Ornamental Separator

Arboretum & Gardens

The Colonial Williamsburg Arboretum is a Level 2 Certified Arboretum comprised of 18th-century tree and woody shrub varieties. The collection features 25 period species of oak trees and more than 30 historic gardens. The Arboretum is home to 20 Virginia state champion trees and two national champion trees—the jujube (Ziziphus jujube), and the Paper Mulberry, (Broussonetia papyrifera) .

More than 30 carefully maintained gardens dot our 301 acre living history museum. From flowering backyard pleasure gardens to our grand Governor’s Palace Gardens and Grounds, these gardens can offer insight into the ways the colonists and lived and worked as a community.  Ongoing research and new archaeological techniques continue to improve our understanding of 18th-century Williamsburg gardens, which is reflected in the design and interpretation guests can enjoy and learn from throughout the year.  

Trees You'll See

Compton Oak (Quercus X Comptoniae)

The Compton oak is a natural hybrid between the live oak (Quercus virginiana) and overcup oak (Quercus lyrata). The specimen on the Court House Green is a state champion big tree, measuring over 70 feet tall and 97 feet wide, with a trunk circumference of 14 feet.

American Beech (Fagus Grandifolia)

The long arbors on both sides of the Governor’s Palace north garden are made of the American beech. A long-lived native tree, the American beech provides shelter and food for many mammals and birds. Passenger pigeons, before their extinction, were among those species that ate the brown 3-angled nut.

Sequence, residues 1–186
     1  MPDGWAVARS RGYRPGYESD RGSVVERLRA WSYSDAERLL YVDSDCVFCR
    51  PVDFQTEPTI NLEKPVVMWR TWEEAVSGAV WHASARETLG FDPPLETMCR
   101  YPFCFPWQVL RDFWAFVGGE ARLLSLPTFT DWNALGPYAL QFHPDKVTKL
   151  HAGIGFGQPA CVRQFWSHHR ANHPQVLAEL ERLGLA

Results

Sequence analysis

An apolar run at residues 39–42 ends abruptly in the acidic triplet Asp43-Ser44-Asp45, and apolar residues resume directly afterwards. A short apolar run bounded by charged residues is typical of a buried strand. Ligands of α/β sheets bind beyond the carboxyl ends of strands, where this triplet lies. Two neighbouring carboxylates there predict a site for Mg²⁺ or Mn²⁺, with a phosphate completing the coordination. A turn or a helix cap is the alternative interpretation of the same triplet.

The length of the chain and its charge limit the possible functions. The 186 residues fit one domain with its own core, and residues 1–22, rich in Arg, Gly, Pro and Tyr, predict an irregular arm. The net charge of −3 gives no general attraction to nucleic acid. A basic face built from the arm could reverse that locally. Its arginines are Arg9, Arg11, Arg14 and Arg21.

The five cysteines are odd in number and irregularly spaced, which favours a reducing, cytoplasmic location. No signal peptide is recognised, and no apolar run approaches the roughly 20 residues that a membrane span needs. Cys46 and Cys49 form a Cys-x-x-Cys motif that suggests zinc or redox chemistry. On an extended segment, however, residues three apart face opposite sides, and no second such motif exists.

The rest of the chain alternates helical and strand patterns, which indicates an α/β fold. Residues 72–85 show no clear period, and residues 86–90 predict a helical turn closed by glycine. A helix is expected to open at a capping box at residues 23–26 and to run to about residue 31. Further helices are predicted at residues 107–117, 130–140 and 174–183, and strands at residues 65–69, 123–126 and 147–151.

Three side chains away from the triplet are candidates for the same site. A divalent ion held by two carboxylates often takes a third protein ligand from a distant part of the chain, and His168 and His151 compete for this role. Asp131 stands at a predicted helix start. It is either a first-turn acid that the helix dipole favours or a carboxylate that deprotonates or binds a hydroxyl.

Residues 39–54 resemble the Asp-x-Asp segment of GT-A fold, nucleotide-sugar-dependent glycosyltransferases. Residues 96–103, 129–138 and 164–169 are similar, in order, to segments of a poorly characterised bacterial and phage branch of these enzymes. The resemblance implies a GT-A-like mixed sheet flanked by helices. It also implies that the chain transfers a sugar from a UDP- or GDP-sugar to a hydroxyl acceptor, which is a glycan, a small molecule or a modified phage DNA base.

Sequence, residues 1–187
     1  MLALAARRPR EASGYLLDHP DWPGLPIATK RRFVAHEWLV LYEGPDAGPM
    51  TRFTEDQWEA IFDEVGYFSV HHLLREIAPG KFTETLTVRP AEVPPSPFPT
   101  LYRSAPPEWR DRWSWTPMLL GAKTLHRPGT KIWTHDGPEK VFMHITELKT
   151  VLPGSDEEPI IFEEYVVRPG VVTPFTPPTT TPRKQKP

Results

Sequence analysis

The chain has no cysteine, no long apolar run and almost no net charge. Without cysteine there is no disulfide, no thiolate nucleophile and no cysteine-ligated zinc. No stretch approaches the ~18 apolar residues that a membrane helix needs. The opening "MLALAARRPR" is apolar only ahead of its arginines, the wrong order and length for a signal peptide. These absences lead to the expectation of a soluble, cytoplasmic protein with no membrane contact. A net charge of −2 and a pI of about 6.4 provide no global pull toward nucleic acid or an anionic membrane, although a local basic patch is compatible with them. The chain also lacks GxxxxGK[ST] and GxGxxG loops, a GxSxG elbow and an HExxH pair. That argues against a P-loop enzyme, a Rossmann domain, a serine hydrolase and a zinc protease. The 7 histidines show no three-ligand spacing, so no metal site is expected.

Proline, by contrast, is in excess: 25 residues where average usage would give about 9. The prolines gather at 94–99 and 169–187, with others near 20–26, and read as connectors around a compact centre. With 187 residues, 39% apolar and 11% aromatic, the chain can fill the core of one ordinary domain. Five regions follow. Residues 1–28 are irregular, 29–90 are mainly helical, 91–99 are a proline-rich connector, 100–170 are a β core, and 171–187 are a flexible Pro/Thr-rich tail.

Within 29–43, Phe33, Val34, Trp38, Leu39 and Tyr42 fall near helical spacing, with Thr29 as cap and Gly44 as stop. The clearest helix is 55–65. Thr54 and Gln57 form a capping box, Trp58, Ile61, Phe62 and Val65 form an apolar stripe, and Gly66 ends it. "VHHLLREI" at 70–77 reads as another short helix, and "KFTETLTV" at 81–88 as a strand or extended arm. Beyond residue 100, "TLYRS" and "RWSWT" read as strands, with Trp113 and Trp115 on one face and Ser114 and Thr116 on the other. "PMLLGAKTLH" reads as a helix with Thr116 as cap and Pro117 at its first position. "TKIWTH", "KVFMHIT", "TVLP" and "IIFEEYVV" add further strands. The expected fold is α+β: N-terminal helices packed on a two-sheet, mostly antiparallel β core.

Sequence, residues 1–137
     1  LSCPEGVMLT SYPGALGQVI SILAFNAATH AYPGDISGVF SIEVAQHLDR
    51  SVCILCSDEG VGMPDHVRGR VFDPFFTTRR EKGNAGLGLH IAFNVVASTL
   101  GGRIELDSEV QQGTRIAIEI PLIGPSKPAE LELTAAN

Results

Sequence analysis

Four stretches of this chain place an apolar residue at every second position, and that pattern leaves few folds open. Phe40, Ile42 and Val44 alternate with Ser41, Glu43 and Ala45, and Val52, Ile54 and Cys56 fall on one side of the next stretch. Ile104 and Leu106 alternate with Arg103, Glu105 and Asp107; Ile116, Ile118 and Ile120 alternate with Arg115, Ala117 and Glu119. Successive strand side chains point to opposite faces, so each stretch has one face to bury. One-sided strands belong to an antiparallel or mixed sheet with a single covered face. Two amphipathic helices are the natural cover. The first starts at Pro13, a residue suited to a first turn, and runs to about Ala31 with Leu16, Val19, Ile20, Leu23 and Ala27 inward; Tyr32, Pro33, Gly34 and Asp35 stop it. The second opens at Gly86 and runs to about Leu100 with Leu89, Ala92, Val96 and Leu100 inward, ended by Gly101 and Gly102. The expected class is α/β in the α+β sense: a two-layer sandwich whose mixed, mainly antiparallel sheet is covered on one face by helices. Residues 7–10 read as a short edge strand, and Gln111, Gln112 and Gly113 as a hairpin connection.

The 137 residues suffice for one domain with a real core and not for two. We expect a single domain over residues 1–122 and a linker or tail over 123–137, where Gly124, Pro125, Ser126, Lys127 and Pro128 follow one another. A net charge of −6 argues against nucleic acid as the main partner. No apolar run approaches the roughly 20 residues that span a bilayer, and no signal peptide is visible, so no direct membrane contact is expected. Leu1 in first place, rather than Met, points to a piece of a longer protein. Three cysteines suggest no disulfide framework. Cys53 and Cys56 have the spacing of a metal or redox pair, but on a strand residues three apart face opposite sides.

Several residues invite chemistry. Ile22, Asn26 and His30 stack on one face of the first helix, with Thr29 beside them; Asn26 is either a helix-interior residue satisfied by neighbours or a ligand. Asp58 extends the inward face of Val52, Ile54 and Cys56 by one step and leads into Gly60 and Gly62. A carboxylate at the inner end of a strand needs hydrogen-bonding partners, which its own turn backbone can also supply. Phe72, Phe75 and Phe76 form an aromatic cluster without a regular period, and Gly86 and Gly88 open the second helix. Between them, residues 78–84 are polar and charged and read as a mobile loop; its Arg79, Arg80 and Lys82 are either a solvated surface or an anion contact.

Paper Mulberry (Broussonetia Papyrifera)

The paper mulberry, native to the Far East, was introduced into North America in the 1780’s. Thomas Jefferson noted “They are charming near a porch for densely shading it.” Native to the Orient, the inner bark was harvested in Japan to make paper lanterns and umbrellas.

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Interactive Map

Helpful Links

Bassett Trace Nature Trail

Take a self-guided tour of the Bassett Trace Nature Trail. Use the Nature Trail Map to identify shrubs, trees, and flowers found throughout the trail.

Boxwood Blight Task Force

Learn more about how the Virginia Boxwood Blight Task Force provides leadership in safeguarding and protecting the ornamental horticulture industry, historical gardens, and landscape plantings from boxwood blight.

Farm to Table Trades

Our farm to table trades work throughout the year to grow food for the community and to prepare the grounds as needed for the seasons to come. Historic cooks work in locations throughout the Historic Area preparing authentic colonial dishes; gardeners grow vegetables, herbs, and flowers, and maintain our Sankofa Heritage Garden and our Three Sisters Gardens; and farmers grows large-scale crops in the farming plot near the windmill.

Art Museums for CW Kids

Explore items from the Art Museums of Colonial Williamsburg's collection. Learn cool facts, have some fun with at-home craft projects, and find out where to see these items in person when you visit!

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Make A Difference!

As we are not state or federally funded, The Colonial Williamsburg Foundation relies on individual donations of any amount to fulfill our mission: that the future may learn from the past. Send in your gift today and make a difference!

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